Interestingly, I never set out to write women’s fiction (and I think there’s a difference between chick lit and women’s fiction, although some of the characteristics overlap). Sometimes I don’t even think it’s an accurate description for what I write, but it seems to best fit the demographic of my readers (although Faking It has drawn quite a male readership, to my surprise). I’m definitely not a romance writer, although every story I’ve written has been, to some degree, a love story.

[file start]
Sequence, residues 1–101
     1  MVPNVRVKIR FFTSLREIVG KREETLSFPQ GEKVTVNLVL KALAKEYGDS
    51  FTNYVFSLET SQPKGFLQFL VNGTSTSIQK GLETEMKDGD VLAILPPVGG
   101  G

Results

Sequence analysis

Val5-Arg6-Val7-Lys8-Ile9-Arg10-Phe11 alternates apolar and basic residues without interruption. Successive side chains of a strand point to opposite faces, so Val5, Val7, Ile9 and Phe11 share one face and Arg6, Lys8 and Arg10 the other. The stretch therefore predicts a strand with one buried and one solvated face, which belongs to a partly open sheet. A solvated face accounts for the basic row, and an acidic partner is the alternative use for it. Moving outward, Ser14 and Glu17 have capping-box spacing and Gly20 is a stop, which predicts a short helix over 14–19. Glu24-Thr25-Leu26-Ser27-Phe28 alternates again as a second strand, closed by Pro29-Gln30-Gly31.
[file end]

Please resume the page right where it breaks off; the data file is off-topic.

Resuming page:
In which stores is Adulation available?
I’m not sure which brick-and-mortar stores are carrying Adulation—most likely some independents across the country. However, if you go into a bookstore and request it, they’ll be able to order it for you (and hopefully they’ll start stocking it if they see a demand for it!).
I'm an author of commercial women's fiction and a writing instructor. My claim to fame: I can say the alphabet backwards.